Cupping. Whats that all about?

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Before I put any coffee through a brewing method, I always cup it first. A few years back my wife bought Ben and myself some cupping bowls as a birthday present. I remember being so excited as it was a complete surprise, I only remembered maybe mentioning them to her once or twice when I first found out about this method of tasting coffee. So let’s get into it.

Coffee is such a complex drink, many factors determine the final product that ends up in your cup. Where a coffee came from, the type of bean that was used, how that been was processed and then roasted determine so many different aromas and flavours.

To cup coffee you’ll need some essential equipment to make it all work.

These are:

  • Cupping Bowls/Cups
  • Corse ground coffee
  • Scales
  • A Timer
  • A Kettle
  • Cupping spoons (or soup spoons, they’re very similar)

Generally I would aim to use 12g of coffee and then fill the bowl to the top with water at around 97 degrees celsius. Set your timer to 4 minutes and start it.

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First off we begin the process of ‘breaking the crust’. Now after you’ve poured water onto the coffee, after a few minutes a crust will form on the top. This is the coffee grounds floating to the top of the bowl. During those four minutes, get down close to that bowl and get a good sniff. Evaluate what you can smell at this stage and take notes as it may change as we progress with the cupping. Once your four minutes is up, use the back of your spoon to break that crust, and give the coffee a good mix with the water.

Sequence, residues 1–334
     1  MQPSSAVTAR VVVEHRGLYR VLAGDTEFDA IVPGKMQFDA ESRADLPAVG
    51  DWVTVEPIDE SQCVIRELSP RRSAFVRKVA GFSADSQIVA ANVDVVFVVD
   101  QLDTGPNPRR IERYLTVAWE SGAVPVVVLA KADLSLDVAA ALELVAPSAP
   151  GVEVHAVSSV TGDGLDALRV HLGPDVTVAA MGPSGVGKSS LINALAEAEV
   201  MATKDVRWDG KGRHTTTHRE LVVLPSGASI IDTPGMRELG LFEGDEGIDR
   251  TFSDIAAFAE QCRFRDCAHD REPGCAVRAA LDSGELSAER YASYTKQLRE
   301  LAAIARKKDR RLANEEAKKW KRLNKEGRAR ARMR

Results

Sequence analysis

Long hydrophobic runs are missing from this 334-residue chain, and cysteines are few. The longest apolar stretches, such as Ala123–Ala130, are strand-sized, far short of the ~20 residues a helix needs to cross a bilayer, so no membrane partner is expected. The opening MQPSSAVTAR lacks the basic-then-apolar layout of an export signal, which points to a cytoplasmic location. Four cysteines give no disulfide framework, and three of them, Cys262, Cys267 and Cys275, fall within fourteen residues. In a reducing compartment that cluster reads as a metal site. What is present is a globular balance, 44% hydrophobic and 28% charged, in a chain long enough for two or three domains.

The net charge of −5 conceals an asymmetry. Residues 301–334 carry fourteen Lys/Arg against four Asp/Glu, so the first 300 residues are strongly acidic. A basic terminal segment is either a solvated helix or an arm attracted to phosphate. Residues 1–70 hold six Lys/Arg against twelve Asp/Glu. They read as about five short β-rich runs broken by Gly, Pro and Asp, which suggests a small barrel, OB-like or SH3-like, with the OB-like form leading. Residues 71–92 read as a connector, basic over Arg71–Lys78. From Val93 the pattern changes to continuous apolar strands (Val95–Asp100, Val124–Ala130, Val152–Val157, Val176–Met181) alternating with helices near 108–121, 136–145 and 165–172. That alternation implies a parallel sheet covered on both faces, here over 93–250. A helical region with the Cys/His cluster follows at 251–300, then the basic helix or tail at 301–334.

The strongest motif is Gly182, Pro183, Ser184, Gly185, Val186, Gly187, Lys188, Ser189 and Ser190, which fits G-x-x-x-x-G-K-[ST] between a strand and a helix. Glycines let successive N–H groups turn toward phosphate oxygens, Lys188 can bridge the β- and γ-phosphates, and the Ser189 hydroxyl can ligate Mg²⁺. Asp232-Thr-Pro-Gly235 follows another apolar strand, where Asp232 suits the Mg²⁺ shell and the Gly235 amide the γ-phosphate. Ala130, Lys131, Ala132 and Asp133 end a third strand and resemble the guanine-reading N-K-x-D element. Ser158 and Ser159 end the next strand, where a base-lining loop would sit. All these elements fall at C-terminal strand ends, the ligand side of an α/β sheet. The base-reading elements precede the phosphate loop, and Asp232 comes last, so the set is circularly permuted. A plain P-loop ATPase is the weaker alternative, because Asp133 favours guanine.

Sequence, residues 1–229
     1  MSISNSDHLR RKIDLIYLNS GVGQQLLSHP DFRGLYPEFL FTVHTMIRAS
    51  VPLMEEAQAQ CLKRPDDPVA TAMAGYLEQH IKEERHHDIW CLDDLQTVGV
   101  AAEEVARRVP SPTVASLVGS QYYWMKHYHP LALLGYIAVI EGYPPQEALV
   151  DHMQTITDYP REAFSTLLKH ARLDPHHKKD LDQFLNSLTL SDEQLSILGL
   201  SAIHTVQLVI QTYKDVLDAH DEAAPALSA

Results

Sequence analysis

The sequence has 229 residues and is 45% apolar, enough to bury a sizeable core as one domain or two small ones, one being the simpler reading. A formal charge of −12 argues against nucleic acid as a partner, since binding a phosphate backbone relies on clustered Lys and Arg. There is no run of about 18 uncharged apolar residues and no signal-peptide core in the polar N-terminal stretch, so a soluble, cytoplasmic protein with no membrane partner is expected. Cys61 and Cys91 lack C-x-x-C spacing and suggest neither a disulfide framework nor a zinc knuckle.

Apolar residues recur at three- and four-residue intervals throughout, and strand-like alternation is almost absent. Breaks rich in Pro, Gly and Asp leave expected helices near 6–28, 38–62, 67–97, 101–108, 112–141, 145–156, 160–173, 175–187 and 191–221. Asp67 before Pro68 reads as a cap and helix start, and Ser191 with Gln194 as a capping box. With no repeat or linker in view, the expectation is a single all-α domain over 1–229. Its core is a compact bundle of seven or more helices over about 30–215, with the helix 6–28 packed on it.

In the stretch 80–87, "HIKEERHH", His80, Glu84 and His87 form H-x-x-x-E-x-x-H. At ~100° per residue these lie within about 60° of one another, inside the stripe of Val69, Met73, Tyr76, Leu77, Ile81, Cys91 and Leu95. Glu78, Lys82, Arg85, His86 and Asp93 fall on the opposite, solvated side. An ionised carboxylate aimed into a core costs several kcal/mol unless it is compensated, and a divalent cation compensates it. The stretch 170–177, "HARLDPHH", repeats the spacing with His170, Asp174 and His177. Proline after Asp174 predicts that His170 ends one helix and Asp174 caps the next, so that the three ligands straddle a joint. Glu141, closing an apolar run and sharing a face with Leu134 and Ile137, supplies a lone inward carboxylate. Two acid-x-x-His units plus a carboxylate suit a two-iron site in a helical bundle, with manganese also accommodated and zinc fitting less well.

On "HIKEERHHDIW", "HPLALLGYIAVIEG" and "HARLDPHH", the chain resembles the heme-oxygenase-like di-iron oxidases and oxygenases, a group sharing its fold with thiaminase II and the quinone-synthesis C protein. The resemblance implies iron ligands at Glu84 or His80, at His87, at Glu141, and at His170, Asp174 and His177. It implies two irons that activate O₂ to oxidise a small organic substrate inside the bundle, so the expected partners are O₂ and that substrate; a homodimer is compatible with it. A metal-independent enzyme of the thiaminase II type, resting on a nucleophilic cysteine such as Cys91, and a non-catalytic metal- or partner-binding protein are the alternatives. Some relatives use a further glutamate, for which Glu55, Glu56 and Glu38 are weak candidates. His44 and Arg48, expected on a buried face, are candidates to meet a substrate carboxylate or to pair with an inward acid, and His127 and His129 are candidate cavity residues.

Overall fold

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Now whilst you’re breaking the crust you want to be as close to the cupping bowl as possible as theres going to be a whole lot of aromas coming off the coffee now. Some may be different from when that crust was forming. Jot down the differences so you can compare at a later date. Now after breaking the crust you want to wait another few minutes for the coffee to cool down to a drinkable temperature. Whilst you wait grab a pair of spoons and take off any grounds or creme that has formed around the top of the bowl.

So when the coffee has cooled, grab your spoon and get some of that sweet coffee on it. You’re now going to slurp it, but over exaggerate this slurp as you want to spread this coffee as far across your palette as you possibly can so that you’re hitting every point of those taste buds. Again, take note of the tastes you’re getting from the coffee and compare them with the other stages.

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Now typically the pros would use cupping to taste various coffees at the one time. If you find yourself cupping more than one coffee remember to clean your spoon and palette with water between each coffee.

Coffee cupping is all about you, as a coffee lover, getting the best experience you can out of a coffee. When you sip from a cup of coffee you want all those flavour notes to just pop out at you. Coffee cupping is also a great way to help you find what you’re looking for when brewing the coffee through various methods. I use cupping as a starting point so when I take a certain roast of coffee and brew it through my v60, I know what flavours I should be getting and what flavours I shouldn’t be getting. This helps me to then decide how to adjust the grind, what type of brewer is best to use etc.

You can grab a few cupping bowls here.

Ryan

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